Chris Bonnor. The public and private of school achievement.

Dec 15, 2014

Once again we are in the middle of the annual HSC result festival – time to celebrate the winners amongst students and schools. Names of the top 100 schools are again paraded, seemingly to confirm a language about schools variously described as elite, high performing or prestigious. Everything else is out of sight. We read about the (well-deserved) success of particular students and hear from school principals about why their schools (apparently) did so well.

The language of sporting competition is readily employed as schools rise or slip in the ranks – as they inevitably do as Year 12 cohorts come and go. School labels are prominently displayed: selective, private, comprehensive. Cheer squads for one label or another are found in almost every home, every workplace, in the columns and airtime of media and in the halls of policy and power. Competing claims and even urban myths are created and recycled.

The more astute punter will know that the top 100 schools are dominated by those which are selective, private or planted in the right postcode. Any school which selects kids will gravitate to the top of the academic and social pile. Many private schools are there because their fees are high and fees always have a gatekeeping role. For other schools the right postcode has the same effect.

Some of the top 100 schools are very good – it’s just that we don’t really know which ones. After all, around 75% of the so-called top schools would also be in the top 100 if ranked by the level of advantage of the enrolled families.

To really comment on school achievement – especially to compare school apples with apples – we need to take into account this level of advantage. So what does such a fair comparison of schools really show, especially about the public and private labels?

If we use NAPLAN as a measure it seems that public schools across Australia nudge above Catholic and Independent schools, especially among schools enrolling above-average advantaged kids.

For the Higher School Certificate the story is more complex, mainly because the numbers of schools are smaller. But there is still a story:

  • For schools enrolling the most advantaged students, public secondary schools are ahead by a country mile, but they are not included on the next graph because most of those schools select their enrolments, so any comparison isn’t fair!
  • But in the next rank of advantage (ICSEA 1100-1149 for the My School savvy) public schools, almost all them local comprehensive schools, are ahead.
  • Going further down the food chain we find Catholic schools ahead of both public and Independent,
  • Then in the next group (ICSEA 1000-1049) they are all the same.

There aren’t too many private schools enrolling the less advantaged so comparisons at that end are more difficult.

There are a few take-outs from all this. There are certainly quality differences between schools – even schools which enrol similar students can achieve at different levels. But brands and labels, such as public and private, don’t describe, or align with, these differences.

There are implications for parents. The differences between the sectors are simply not significant, hence choosing schools by sector label can be largely pointless. Even where one sector is apparently ahead in one group of schools parents still have to believe that their child would be advantaged by enrolling in a school in that sector. They also have to weigh up any perceived advantage against other factors such as cost, transport and whether the apparent advantage actually exists for similarly labelled schools in their locality.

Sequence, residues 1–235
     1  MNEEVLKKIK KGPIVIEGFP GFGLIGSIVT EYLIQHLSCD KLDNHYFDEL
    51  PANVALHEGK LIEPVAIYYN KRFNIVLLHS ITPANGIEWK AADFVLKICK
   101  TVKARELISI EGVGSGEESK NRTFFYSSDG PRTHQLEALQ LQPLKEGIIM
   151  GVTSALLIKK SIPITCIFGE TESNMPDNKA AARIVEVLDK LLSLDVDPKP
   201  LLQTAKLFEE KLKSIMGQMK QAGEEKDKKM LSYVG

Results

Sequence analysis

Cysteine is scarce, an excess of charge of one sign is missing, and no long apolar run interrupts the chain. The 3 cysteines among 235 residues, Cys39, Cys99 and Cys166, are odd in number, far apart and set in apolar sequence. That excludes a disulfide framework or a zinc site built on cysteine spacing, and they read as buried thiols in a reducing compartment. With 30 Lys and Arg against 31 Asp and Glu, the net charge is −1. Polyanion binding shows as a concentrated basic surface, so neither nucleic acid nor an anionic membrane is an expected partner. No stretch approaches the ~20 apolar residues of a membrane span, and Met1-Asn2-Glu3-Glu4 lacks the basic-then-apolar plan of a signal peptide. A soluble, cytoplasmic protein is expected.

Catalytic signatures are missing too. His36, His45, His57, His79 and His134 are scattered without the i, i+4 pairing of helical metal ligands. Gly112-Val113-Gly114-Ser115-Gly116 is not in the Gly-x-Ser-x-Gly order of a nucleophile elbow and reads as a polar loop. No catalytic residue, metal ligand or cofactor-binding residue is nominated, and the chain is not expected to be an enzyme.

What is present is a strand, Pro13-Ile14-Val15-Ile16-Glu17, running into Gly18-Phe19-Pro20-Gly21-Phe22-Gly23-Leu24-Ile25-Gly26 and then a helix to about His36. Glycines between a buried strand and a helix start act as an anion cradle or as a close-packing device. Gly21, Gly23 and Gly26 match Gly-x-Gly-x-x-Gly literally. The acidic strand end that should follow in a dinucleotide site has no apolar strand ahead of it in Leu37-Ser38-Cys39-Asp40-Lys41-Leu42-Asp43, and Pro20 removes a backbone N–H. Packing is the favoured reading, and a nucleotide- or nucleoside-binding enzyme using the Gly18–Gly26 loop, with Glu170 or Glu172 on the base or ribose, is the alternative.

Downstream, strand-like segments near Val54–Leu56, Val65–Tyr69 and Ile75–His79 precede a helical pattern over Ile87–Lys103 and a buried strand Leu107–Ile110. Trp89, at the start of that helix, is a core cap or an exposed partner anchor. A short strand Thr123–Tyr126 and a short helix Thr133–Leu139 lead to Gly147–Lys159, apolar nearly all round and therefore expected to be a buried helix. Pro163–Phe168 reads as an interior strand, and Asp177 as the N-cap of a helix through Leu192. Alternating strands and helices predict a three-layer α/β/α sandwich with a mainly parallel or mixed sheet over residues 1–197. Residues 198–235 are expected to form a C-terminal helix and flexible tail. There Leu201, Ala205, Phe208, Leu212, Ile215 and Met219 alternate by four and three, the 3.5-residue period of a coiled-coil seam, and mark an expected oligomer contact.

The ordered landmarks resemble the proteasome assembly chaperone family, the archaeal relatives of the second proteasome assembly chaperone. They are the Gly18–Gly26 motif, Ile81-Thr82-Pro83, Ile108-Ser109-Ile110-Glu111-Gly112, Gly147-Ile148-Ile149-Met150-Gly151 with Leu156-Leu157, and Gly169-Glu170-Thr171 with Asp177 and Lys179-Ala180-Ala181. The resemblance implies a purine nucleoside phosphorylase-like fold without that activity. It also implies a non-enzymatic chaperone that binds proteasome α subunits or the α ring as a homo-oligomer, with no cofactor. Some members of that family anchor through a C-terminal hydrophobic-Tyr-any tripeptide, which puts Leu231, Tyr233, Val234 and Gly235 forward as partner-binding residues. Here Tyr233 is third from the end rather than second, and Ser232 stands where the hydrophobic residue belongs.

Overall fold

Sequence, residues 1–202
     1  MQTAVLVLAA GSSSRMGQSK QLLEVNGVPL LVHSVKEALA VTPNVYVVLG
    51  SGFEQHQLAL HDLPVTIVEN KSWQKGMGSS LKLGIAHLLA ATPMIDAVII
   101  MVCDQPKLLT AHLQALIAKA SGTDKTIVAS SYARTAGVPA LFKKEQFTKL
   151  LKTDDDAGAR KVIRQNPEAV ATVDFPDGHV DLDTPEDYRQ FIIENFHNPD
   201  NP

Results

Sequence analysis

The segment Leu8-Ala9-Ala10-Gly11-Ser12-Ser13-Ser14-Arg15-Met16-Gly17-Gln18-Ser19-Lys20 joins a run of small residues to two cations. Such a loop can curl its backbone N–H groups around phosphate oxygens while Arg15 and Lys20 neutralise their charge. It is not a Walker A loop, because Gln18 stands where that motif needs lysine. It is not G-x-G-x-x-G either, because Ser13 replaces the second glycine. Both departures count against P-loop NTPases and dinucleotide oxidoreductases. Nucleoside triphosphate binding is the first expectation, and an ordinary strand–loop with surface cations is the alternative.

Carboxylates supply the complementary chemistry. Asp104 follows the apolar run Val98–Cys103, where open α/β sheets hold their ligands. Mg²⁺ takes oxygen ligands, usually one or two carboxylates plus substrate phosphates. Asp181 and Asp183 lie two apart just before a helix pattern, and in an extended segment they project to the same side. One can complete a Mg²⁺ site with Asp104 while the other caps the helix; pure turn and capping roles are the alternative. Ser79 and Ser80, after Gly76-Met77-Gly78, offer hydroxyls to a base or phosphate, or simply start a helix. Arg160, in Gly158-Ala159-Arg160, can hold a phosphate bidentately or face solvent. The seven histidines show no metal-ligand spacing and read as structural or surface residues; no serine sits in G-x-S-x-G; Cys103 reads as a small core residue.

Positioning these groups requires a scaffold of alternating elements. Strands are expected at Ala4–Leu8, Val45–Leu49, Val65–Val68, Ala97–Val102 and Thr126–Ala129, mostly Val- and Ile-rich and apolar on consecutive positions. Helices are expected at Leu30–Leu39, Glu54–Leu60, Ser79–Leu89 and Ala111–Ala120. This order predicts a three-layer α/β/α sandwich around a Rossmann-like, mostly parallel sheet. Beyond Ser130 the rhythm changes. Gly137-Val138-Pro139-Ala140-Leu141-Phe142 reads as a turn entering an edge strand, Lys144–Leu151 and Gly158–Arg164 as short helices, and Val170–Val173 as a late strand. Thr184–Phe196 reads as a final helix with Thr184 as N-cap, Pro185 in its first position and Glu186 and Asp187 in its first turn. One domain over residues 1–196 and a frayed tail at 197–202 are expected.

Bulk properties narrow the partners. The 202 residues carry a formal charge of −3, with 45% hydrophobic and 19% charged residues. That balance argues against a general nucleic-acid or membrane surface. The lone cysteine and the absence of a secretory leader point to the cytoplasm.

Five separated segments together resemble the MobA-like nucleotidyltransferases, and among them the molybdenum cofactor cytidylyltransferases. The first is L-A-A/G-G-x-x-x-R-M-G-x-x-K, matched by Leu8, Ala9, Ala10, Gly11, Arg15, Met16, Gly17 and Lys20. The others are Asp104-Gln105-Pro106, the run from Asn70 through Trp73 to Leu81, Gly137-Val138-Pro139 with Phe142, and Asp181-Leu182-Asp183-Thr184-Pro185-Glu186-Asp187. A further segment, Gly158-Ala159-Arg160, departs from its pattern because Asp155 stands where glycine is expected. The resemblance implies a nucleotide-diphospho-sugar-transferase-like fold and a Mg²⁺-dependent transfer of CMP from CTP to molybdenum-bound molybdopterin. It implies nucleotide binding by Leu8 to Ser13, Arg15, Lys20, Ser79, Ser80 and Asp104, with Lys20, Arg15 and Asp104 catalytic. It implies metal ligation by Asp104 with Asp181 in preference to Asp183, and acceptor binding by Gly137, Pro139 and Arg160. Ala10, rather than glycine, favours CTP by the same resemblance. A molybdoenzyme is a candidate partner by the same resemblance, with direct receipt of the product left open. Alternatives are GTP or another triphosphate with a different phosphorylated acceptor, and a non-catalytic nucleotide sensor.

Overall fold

All other factors being equal, an informed process of school choice needs to be sector blind. Parents would be best advised to put urban myths and rusted-on beliefs to one side, do their homework and pay much closer attention to the many and complex indicators of school quality.

At the level of school provision and funding there is another interesting implication of the similarity between school outcomes. Given that the achievement of schools enrolling similar students is much the same what does this potentially reveal about the effectiveness of the public and private investment in schools?

The average recurring cost of educating public school students is around $12 000 per annum. There are large numbers of public schools, disadvantaged and remote, where the average investment is much higher. Much of this higher investment is tied up in fixed costs but is the additional investment well-targeted? At the other end of the scale there are large numbers of higher SES private schools where the combined public and private investment per student is well above $12 000. The investment in these schools is around $3bn each year. It is going into schools which don’t achieve at levels above equivalent public schools.

We need to know more about this. For almost a year my colleague Bernie Shepherd and I have been analysing My School data to see what it tells. So far we have revealed:

  • shifts in funding which are seeing more going to schools which enrol more advantaged students,
  • a widening achievement gap between high and low SES schools, and now
  • a persistent lack of significant difference between outcomes of public and private schools.

At a time when the Gonski recommendations have been largely written off as being too hard or too expensive these findings are enough to raise considerable concern about equity and achievement.

Watch this space.

Chris Bonnor









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